The Mental Game: How to turn intimidation into motivation

The Mental Game: How to turn intimidation into motivation

Mental Edge Performance

The Mental Game: How to turn intimidation into motivation

By is founded by Shayne McGowan, based on the concept of creating a superior standard of training for athletes on and off the field. McGowan is a certified mental game coaching professional. He has studied a Cal State university and has played football in college and briefly in the pros. He is a member of Coaches of Canada and NCCP certified, has 30 years fitness background as a trainer. He has done interviews on Fox Sports Radio, CBS Sports Radio, NFL Spin Zone, NFL Showtime, BlogTalkRadio and writes for Train fitness magazine.

“The intimidation factor” is commonplace in competition. Some athletes will seek to get a mental edge by taking you out of your game.

Intimidation comes in many forms, such as:

  • Trash talking before a game
  • A brush-back pitch to shake up a hitter
  • An extra shove after a whistle was blown
  • Stare-downs or crazy antics

No matter what intimidation is used, the goal is the same: to try to get in your head and take your focus away from the game.

When you give into intimidation, you become agitated, angry and anxious, which eats away at your confidence and trust.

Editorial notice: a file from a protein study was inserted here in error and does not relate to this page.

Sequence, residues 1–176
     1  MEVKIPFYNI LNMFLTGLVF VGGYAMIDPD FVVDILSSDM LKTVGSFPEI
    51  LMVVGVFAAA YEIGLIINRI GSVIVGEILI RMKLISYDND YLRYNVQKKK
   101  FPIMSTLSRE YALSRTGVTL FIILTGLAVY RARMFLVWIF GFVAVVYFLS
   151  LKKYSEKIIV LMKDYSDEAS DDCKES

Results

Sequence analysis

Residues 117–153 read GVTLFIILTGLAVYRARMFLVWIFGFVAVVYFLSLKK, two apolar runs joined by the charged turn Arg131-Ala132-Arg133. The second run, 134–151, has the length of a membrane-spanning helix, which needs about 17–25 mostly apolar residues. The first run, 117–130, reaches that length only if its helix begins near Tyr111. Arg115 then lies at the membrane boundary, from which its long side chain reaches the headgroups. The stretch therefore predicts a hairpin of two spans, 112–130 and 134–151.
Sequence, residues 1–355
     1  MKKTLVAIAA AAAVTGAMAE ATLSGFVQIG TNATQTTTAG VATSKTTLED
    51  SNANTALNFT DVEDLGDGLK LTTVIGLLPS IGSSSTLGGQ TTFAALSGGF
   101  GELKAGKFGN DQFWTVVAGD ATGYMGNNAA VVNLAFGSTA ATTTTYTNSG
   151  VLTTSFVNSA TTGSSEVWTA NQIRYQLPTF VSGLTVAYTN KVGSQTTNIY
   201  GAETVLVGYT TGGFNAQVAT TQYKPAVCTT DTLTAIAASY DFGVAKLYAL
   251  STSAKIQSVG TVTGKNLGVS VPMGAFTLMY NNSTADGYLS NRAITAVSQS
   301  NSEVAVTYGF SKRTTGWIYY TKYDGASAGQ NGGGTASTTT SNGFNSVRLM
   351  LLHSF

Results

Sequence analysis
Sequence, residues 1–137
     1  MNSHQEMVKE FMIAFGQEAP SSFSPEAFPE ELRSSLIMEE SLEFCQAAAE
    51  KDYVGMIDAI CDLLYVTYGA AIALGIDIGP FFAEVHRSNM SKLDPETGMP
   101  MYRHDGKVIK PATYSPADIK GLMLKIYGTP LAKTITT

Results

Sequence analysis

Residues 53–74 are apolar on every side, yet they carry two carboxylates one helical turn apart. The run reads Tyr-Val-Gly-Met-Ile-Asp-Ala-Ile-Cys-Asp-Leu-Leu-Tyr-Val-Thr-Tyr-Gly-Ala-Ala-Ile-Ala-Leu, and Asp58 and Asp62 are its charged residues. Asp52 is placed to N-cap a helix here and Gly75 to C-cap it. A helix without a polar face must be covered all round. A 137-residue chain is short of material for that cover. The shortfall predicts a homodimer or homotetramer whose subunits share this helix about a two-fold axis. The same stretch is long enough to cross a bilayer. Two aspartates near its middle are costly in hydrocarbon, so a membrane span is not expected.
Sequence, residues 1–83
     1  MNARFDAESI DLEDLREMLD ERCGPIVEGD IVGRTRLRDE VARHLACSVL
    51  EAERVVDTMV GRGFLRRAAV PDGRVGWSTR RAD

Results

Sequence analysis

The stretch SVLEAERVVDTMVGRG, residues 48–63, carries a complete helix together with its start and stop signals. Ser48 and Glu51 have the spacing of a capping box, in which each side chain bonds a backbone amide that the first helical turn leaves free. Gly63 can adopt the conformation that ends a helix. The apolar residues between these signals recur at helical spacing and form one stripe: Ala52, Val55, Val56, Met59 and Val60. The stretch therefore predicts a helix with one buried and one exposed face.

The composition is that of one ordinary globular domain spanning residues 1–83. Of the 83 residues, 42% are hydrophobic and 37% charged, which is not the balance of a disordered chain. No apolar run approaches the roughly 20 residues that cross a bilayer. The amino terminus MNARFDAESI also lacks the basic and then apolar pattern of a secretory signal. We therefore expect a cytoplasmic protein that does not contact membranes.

Your first task to overcoming intimidation is to be very honest with yourself and recognize when you psych yourself out. Look for the following signs:

  • Giving too much energy to your competition during pregame;
  • Doubting your skills to perform well against a certain competitor or team;
  • Losing your focus when in awe of the situation or hoopla of the competitive environment;
  • Feeling inferior to the competition and making comparisons to others.

Intimidation challenges an athlete’s level of mental toughness.

First, you should realize that your opponent sees you as a threat or there would be no need for them to seek an edge through intimidation. You need to pay attention to getting ready to compete at your highest level. What is your game strategy? What should you focus on in that moment? Go through your pre-competition routine

If you look at yourself honestly and give yourself the credit you deserve, you know your as good as the competition. Embrace the excitement, break the intimidation chain and allow yourself to play without hesitation or fears.


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